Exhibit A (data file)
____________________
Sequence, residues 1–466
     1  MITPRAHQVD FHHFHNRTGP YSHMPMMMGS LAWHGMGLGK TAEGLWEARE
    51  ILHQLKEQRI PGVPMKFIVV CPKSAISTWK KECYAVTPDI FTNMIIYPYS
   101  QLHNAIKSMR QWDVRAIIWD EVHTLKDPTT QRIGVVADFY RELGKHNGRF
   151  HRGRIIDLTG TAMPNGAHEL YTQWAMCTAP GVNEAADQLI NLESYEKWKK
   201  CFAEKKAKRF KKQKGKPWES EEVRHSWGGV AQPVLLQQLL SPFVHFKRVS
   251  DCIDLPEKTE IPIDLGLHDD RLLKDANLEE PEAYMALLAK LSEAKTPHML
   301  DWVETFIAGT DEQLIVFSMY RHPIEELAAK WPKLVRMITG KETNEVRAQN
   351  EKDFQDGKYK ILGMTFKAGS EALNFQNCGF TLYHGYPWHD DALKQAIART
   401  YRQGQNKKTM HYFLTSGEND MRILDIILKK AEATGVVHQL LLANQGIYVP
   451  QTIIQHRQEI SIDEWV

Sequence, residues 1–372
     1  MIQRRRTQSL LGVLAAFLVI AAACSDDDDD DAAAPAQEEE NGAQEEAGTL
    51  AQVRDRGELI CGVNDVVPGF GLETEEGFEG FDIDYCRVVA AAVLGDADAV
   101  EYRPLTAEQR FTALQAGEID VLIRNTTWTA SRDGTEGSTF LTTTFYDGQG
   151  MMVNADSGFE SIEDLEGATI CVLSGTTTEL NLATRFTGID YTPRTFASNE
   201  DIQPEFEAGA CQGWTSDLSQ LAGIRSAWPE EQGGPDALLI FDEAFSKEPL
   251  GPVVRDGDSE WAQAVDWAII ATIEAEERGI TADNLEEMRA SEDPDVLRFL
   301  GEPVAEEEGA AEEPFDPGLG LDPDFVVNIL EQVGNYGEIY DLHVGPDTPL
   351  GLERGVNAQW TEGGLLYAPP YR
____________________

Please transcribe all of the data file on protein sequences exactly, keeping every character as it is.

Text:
Sequence, residues 1–466
     1  MITPRAHQVD FHHFHNRTGP YSHMPMMMGS LAWHGMGLGK TAEGLWEARE
    51  ILHQLKEQRI PGVPMKFIVV CPKSAISTWK KECYAVTPDI FTNMIIYPYS
   101  QLHNAIKSMR QWDVRAIIWD EVHTLKDPTT QRIGVVADFY RELGKHNGRF
   151  HRGRIIDLTG TAMPNGAHEL YTQWAMCTAP GVNEAADQLI NLESYEKWKK
   201  CFAEKKAKRF KKQKGKPWES EEVRHSWGGV AQPVLLQQLL SPFVHFKRVS
   251  DCIDLPEKTE IPIDLGLHDD RLLKDANLEE PEAYMALLAK LSEAKTPHML
   301  DWVETFIAGT DEQLIVFSMY RHPIEELAAK WPKLVRMITG KETNEVRAQN
   351  EKDFQDGKYK ILGMTFKAGS EALNFQNCGF TLYHGYPWHD DALKQAIART
   401  YRQGQNKKTM HYFLTSGEND MRILDIILKK AEATGVVHQL LLANQGIYVP
   451  QTIIQHRQEI SIDEWV

Sequence, residues 1–372
     1  MIQRRRTQSL LGVLAAFLVI AAACSDDDDD DAAAPAQEEE NGAQEEAGTL
    51  AQVRDRGELI CGVNDVVPGF GLETEEGFEG FDIDYCRVVA AAVLGDADAV
   101  EYRPLTAEQR FTALQAGEID VLIRNTTWTA SRDGTEGSTF LTTTFYDGQG
   151  MMVNADSGFE SIEDLEGATI CVLSGTTTEL NLATRFTGID YTPRTFASNE
   201  DIQPEFEAGA CQGWTSDLSQ LAGIRSAWPE EQGGPDALLI FDEAFSKEPL
   251  GPVVRDGDSE WAQAVDWAII ATIEAEERGI TADNLEEMRA SEDPDVLRFL
   301  GEPVAEEEGA AEEPFDPGLG LDPDFVVNIL EQVGNYGEIY DLHVGPDTPL
   351  GLERGVNAQW TEGGLLYAPP YR